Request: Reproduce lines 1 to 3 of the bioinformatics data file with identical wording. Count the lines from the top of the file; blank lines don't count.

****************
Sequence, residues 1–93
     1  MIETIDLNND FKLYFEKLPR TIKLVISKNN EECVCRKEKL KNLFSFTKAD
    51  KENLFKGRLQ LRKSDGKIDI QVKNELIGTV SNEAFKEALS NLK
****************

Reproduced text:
Sequence, residues 1–93
     1  MIETIDLNND FKLYFEKLPR TIKLVISKNN EECVCRKEKL KNLFSFTKAD
    51  KENLFKGRLQ LRKSDGKIDI QVKNELIGTV SNEAFKEALS NLK